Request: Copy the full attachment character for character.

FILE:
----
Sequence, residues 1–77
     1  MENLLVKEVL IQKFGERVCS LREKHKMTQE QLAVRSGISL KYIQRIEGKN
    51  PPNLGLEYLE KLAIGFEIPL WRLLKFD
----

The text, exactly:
Sequence, residues 1–77
     1  MENLLVKEVL IQKFGERVCS LREKHKMTQE QLAVRSGISL KYIQRIEGKN
    51  PPNLGLEYLE KLAIGFEIPL WRLLKFD